Existentialism Definition: Revealed in Sartre's No Exit
No Sortie Pour Sartre.
Jean-Paul Sartre’s No Exit, written in the waning years of World War II, is a play which ironically allegorizes the existentialist philosophy, in a one act scene depicting Hell. The effect this iconic work had on the faithless era, made Sartre a paragon of the existentialist school of thought. Brian Wilkie and James Hurt write in Literature of the Western World Volume II, “For many of his contemporaries, even those who knew his work only secondhand, existentialism was the only persuasive faith in a frightening age notably lacking in faith, and Sartre was existentialism’s exemplary figure...” (1870). Being that No Exit is Sartre’s most accomplished work, it then stands to exemplify the whole of existentialism’s epoch, imparting to it, a universal and timeless quality. For not only are philosophically defining works timeless and universal in their own right, but existentialism’s constituents, “God is dead”, “man is alone”, and “life is absurd”, independently comprise a timeless concern of all “thinking” persons in every “thinking” era, and is emphatically explored in the literary dialogue of No Exit’s trinity of the damned, Garcin, Inez, and Estelle.
Through these three characters, Sartre implements each of the three existential constituents. Garcin, the deserter, concludes his final dwelling in a “life is absurd” soliloquy: This bronze. Yes, now’s the moment; I’m looking at this thing on the mantelpiece, and I understand that I’m in hell. I tell you, everything’s been thought out beforehand. They knew I’d stand at the fireplace stroking this thing of bronze, with all those eyes intent on me. Devouring me. What? Only two of you? I thought there were more; many more. So this is hell. I’d never have believed it. (1899)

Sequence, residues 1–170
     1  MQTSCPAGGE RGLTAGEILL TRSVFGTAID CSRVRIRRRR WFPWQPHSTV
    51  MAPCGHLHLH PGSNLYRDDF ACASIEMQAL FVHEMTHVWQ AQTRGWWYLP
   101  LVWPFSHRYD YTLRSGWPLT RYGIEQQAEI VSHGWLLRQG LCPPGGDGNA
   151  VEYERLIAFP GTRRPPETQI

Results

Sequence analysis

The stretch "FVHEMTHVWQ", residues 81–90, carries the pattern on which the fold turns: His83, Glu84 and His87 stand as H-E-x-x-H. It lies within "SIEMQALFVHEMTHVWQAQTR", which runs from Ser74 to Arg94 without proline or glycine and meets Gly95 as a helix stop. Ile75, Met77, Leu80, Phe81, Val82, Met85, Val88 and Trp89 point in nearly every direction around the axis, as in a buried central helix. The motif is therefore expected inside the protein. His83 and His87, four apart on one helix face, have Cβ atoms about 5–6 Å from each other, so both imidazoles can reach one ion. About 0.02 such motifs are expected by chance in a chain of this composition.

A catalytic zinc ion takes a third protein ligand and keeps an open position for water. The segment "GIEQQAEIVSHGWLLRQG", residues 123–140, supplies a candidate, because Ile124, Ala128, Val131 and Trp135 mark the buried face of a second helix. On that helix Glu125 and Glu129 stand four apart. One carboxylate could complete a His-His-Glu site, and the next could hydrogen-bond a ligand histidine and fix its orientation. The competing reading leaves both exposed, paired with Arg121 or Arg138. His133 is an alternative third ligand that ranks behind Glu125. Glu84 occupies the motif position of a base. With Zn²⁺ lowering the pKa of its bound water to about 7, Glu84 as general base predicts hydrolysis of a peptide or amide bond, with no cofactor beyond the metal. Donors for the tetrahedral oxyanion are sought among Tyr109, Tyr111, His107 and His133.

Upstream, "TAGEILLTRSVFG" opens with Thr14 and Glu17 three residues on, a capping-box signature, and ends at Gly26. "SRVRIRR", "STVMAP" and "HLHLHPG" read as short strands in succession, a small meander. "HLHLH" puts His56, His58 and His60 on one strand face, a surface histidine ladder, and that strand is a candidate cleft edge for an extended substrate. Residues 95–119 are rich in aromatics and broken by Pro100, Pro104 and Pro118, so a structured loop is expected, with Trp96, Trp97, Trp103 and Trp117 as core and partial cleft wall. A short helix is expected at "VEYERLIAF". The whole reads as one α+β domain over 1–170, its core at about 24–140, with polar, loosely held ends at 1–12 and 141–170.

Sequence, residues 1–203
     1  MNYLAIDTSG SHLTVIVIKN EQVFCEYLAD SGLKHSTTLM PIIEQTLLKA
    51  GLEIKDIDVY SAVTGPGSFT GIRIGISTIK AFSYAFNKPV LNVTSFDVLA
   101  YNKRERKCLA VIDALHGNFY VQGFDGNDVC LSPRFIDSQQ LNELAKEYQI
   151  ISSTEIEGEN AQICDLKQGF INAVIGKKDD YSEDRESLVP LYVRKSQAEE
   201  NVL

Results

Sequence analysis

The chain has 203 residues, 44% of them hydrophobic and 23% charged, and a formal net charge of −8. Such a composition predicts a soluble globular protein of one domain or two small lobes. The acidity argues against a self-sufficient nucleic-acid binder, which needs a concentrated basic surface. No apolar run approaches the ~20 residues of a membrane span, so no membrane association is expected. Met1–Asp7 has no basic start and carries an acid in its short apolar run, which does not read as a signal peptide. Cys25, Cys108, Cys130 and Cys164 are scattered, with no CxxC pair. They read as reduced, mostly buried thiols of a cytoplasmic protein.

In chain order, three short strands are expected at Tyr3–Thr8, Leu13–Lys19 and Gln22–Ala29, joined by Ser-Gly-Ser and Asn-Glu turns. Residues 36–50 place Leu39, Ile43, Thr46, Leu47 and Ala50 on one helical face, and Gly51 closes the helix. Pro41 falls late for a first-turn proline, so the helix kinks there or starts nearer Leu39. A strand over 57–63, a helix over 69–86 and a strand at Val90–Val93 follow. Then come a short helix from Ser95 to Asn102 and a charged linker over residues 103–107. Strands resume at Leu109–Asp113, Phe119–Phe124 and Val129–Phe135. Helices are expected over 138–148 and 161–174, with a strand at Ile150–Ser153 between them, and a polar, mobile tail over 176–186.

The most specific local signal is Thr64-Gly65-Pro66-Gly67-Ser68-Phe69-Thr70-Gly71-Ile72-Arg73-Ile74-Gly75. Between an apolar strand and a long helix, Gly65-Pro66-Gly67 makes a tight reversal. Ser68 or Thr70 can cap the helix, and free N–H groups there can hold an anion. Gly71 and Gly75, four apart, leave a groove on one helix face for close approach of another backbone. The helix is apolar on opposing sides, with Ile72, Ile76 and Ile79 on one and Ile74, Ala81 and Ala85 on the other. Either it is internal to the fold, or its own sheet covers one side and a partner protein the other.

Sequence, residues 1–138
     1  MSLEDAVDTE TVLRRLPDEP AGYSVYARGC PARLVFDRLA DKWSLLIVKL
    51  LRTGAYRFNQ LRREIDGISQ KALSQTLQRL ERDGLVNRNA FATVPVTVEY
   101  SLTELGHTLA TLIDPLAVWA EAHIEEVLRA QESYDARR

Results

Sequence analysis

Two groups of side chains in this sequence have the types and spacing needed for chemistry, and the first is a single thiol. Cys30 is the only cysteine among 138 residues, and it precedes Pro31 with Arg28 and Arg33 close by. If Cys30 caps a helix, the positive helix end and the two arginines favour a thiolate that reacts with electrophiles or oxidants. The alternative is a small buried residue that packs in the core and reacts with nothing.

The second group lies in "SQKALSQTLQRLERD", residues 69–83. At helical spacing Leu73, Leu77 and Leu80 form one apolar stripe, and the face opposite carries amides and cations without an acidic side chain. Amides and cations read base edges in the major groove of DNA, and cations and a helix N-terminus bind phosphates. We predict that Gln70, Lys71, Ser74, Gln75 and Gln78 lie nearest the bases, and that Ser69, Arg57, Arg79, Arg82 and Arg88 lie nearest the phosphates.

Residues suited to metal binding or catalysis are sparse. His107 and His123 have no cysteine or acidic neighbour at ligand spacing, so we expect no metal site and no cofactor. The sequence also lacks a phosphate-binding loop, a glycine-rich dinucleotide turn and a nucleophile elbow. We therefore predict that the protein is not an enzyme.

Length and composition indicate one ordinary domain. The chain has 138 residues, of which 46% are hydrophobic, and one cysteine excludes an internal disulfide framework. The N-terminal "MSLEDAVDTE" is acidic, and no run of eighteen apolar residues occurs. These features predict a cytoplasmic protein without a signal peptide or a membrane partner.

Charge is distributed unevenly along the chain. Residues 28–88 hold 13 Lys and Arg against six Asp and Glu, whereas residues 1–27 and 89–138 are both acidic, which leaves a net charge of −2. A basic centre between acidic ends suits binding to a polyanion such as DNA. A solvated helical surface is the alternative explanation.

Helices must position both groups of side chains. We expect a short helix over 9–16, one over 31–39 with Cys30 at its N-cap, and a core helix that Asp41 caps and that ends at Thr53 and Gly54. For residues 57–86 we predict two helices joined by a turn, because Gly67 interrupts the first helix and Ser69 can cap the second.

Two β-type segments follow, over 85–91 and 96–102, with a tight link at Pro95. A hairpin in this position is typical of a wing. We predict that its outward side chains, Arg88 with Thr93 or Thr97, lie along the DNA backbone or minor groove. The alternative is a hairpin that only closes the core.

Inez, the gynocentric concludes, “Dead! Dead! Dead! Knives, poison, ropes--all useless. It has happened already, do you understand? Once and for all. So here we are, forever” (1899), in a “God is dead” rhetoric. And as the “baby-killer” Estelle points out, in finding she will be living without a reflection, “When I can’t see myself I begin to wonder if I really and truly exist. I pat myself just to make sure, but it doesn’t help much” (1883). Through this observation, she illustrates the “man is alone” element.
In regard to existentialism’s “God is dead” element, there is a peculiarity in Sartre’s choice for No Exit’s setting. For acknowledging Hell entails an acknowledgement of Heaven, which in turn presupposes God’s existence. So why risk a living God in an existential play? Its ironical effect. Sartre’s characters, well aware of their locale, display “Christian” expectations concerning their damnation. One of Garcin’s first questions to Valet is, “But, I say, where are the instruments of torture?” (Sartre 1873). Inez herself mistakes Garcin for a torturer, and Estelle thinks she’s to sit with her faceless husband (Garcin) for eternity. It is only after Garcin declares, “Hell is--other people!” (1899), that the reader identifies Hell as not the literal “underworld”, but as Sartre writes, “I mean that if relations with someone else are twisted, vitiated, then that other person can only be hell” (1872). Which, coupled with Sartre’s following statement declaring that, “other people are the most important means we have in ourselves...” (1871), and not in fact God, keeps YHWH buried; and keeps existentialism consistent with its alternative literary view to one of the most universally debated topic known to “thinking” man.
Great literature is “thinking” entertainment. It provokes the human conscious to consider the intrinsic views of its author, and offers new perspectives on highly debatable topics, such as the existence of God, the absurdity of life, and the desolation of mankind. Existentialism, which resolves all three of these issues within its ideology, then makes for a promising foundation to great literary efforts. This foundation, combined with the entertaining voyeurism that is observing an existential awakening in Hell, is what makes Jean-Paul Sartre’s No Exit timeless and universal.
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